ECB Urges Banks to Tackle Credit as Pandemic Support Expires
(Bloomberg) -- The European Central Bank is urging lenders to do a better job of gauging the risks they face from a potential spike in defaults as the pandemic increasingly hits companies and consumers.
The worsening economy has slowed banks’ efforts to reduce existing bad debts and “there is also an embedded level of distress in loan books that is not yet fully evident,” the ECB said in a statement on Thursday. Bloomberg reported earlier this week that the regulator was stepping up its scrutiny of bank loans.
European governments have deployed unprecedented amounts of stimulus to cushion the pandemic’s blow to the economy, guaranteeing loans and allowing certain borrowers to suspend interest payments. That has given banks more time to prepare for losses on credit, yet some European lenders have taken a less conservative approach in order to buoy earnings that are meager in comparison with U.S. peers.
“We’re now deepening our understanding and our analysis of the sectoral exposures of banks and the distribution of their customers,” ECB Supervisory Board Chair Andrea Enria told Bloomberg TV’s Francine Lacqua. The central bank is “trying to get a little bit more of a grip on the projections of asset quality throughout the year and the impact that the fallout of the pandemic will have on banks’ balance sheets,” Enria said.
The expiration of several support measures this year could increase the risk of “cliff effects,” the ECB said. The watchdog has “communicated a considerably higher number of recommendations” to banks to deal with credit risk, according to the statement.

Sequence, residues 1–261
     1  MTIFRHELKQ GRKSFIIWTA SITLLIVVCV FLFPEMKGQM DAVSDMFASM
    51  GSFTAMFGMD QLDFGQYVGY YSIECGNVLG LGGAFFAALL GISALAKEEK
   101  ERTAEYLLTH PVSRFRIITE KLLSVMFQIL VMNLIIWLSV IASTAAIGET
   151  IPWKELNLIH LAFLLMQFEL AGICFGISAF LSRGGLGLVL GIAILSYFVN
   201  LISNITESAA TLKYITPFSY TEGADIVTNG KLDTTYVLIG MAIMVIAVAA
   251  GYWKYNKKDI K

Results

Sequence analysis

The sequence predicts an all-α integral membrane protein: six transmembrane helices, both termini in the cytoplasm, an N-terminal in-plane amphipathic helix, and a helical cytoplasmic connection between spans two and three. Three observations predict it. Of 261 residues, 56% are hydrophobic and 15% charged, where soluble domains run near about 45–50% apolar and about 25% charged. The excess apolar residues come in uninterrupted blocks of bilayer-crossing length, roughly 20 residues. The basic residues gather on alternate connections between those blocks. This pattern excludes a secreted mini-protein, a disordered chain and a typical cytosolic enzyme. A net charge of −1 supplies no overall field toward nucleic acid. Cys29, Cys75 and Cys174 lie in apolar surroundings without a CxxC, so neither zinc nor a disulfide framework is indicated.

The ECB and other authorities have also given lenders unprecedented regulatory relief to swallow losses in the pandemic and keep lending. As a trade-off to conserve capital, the central bank urged them to show restraint on dividends and bonuses, though some smaller banks have started to push back.
In general, big banks plan to comply with the recommendation. The ECB estimates lenders will probably pay out as much as 11 billion euros ($13.3 billion) under the cap. Officials plan to lift the limits by September, “if there is no surprising bad news,” Enria said on Bloomberg TV.
The ECB is also stepping up its scrutiny of loans to highly indebted companies. That business, known as leveraged finance, has grown as banks hunt for returns in a low interest rate environment.
“To be honest, we have not seen an extremely positive reaction from banks, so they still have expanded in this market,” Enria said. “The share of loans which are highly leveraged and covenant-light has not decreased; it has actually increased. We are focused on these exposures, asking banks to contain these types of exposures and to have a lot of attention also at board level and in terms of robust risk management policies.”
The ECB said it has made recommendations to banks with narrow capital buffers to enhance their planning. The watchdog reiterated that banks can dip into capital reserves until at least the end of next year in order to keep lending.
At the end of September, nine banks had common equity Tier 1 ratios below their requirements and guidance prior to the measures the ECB enacted in response to the crisis.
The regulator also said:
- Some banks have been slow to address governance issues in the pandemic, with management not overseeing business functions sufficiently
- One in four banks faces delays in making more use of digital technology for internal processes
- Banks should improve their efficiency
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